With a new state-of-the-arts university, three-time Grammy Award winner Ricky Kej to give budding artistes the opportunities and knowledge that he lacked while paving his way to success
Days ago, three-time Grammy winner Ricky Kej took to social media to make “one of the biggest announcements of my life”. At the helm of matters at an upcoming performing arts division of Bengaluru’s Chanakya University, Kej intends to use a “holistic interdisciplinary approach” to nurture a new generation of artistes. Education in music, theatre, and filmmaking will be employed for the making of well-rounded artistes in a bid to prepare them for “real world” projects, he says.
Edited excerpts of the interview.
How did this association materialise?
I’ve dreamt of nurturing and making an institute with [great] infrastructure, and creating artistes who can be successful in today’s world. [A lot of] institutes throughout the world are unable to make [students] ready to go out into the world and become successful. I wanted to ensure that the artistes are not only skilled at their art but also knowledgeable about the ways in which they can apply it. They shouldn’t be delusional. Skilled artistes believe that because they are [skilled], people will listen to them. This is not true. You need to know how to present yourself and make your art palatable. Marketing oneself is important too. When it comes to entrepreneurship, you are trying to sell yourself, and if you can’t showcase that your art is good, you can’t convince people [to consume it].
So, while I cherished this dream, Chanakya University got in touch with me. They wanted [to build] a strong performing arts school. We had lots of discussions in the past year, and I also travelled to other universities and learned a lot. I tried to understand what the alumni [believed was] lacking [in their curriculum], so that I could incorporate it here. There will be three streams — music, theatre, and filmmaking. I was given the freedom to create it from scratch. What will make this effort unique is the strong interdisciplinary approach that will be there between the streams. Whatever you choose to learn, you will still be taught [certain aspects] of the other streams. The pandemic taught us that you need to know multiple things to survive. Filmmakers need to have some knowledge of scoring, and dancers need to know a lot about camera angles and music. So, the focus will be on having an interdisciplinary approach.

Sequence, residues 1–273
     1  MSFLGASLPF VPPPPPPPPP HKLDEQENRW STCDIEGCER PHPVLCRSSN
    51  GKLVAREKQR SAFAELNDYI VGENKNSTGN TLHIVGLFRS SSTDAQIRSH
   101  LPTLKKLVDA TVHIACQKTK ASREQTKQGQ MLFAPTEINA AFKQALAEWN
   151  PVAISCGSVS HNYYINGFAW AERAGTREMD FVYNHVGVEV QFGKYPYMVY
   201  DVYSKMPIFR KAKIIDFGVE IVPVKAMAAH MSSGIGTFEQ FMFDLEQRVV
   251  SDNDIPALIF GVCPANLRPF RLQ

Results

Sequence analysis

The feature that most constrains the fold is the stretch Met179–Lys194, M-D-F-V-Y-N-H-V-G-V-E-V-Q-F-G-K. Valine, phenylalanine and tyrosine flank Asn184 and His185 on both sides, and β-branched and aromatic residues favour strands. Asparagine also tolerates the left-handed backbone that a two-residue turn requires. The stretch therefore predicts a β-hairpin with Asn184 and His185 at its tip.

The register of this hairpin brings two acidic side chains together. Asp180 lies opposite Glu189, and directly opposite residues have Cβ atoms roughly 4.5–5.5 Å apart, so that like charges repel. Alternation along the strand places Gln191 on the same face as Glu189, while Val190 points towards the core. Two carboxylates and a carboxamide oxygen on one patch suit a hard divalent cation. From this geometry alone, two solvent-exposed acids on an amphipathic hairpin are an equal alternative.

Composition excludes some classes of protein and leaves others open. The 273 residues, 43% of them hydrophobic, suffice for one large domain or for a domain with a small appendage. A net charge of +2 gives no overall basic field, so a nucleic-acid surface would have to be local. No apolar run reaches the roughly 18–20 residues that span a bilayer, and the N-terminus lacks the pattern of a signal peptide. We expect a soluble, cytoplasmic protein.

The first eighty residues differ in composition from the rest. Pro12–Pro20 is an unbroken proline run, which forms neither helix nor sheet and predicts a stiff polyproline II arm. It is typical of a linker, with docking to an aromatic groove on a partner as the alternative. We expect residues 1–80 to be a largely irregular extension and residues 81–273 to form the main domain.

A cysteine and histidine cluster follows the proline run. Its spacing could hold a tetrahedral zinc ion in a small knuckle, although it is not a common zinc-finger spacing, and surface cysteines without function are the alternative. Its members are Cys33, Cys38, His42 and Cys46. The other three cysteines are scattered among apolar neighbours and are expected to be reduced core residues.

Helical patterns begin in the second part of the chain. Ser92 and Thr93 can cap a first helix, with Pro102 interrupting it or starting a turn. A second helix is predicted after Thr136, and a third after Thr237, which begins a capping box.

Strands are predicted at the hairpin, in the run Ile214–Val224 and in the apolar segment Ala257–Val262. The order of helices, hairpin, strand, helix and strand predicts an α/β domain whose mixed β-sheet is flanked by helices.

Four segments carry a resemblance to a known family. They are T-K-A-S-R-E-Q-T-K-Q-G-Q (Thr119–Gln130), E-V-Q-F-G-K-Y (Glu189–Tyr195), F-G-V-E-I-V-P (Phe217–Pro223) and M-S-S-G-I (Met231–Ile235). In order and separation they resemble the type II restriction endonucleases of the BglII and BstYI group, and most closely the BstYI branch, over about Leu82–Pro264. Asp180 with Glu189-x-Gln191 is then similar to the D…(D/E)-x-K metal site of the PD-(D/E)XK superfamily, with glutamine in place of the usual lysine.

Following your multiple wins, music aficionados would want to know what change would you introduce to the way music is taught.
The streamlining of music [within a] university is missing. [Students will be taught] how to create a bridge between Indian classical, western classical, and contemporary music. The idea is to teach them to have a holistic view of music creation. There will be a strong emphasis on technology, which is also missing. Technology is used in every art form — whether in the form of larger or smaller set-ups. Also, infrastructure matters. I’ll take an example from my life. I knew from grade two that I wanted to make music for the rest of my life. There were no two ways about it.
Convincing my parents was tough, though. My dad is a third-generation doctor and always thought music would be my hobby; something I’d do as an ‘evening thing’ after my job. After a lot of convincing, he said I could do as I desired after I finished a degree in dental surgery. So, I had to go through those five years of training, even though I never took it ahead. If I could take my parents to a university that had good buildings, teachers and faculty members, and one that had tie-ups with other universities, perhaps they would have let me take it up. I would then have had a degree in music instead of dental surgery. Not only would I have not [wasted my time], but I would have also not wasted [another aspiring dentist’s seat].
Over the several years that we’ve communicated with you, during which you’ve also won several Grammy Awards, you’ve moved from discussing music-making for the environment, to business. How do you reflect on these past few years where, perhaps, you may have felt a sense of validation?
Absolutely. When it comes to my career, I haven’t followed a traditional path. Being a musician is not like a regular job in which you get a salary, you have funds set aside as your EPF, and it becomes easier to manage your taxes. [Musicians] face difficulty when it comes to finances. A skilled musician needs to make his/her career stable to make music with a clear mind. Financial management, and investment, is something we will also cover. I, in fact, could well be a student there because I still don’t know how to invest.
All of my money is in the bank, and I am not able to beat inflation. So, we will teach them how to charge, what industry rates are, and how to manage their money. I am a musician, and that’s all I do. My talk of business stems from my lack of acumen [as a businessman]. I’ve understood the needs of musicians because of all the things that I lacked. I want the next generation to have it all. We will have a strong sustainability division. I believe, artistes have a lot to contribute to society. They must create music for good, and lead by example because they have an audience. Sustainability and social impact will be the crux of our courses.
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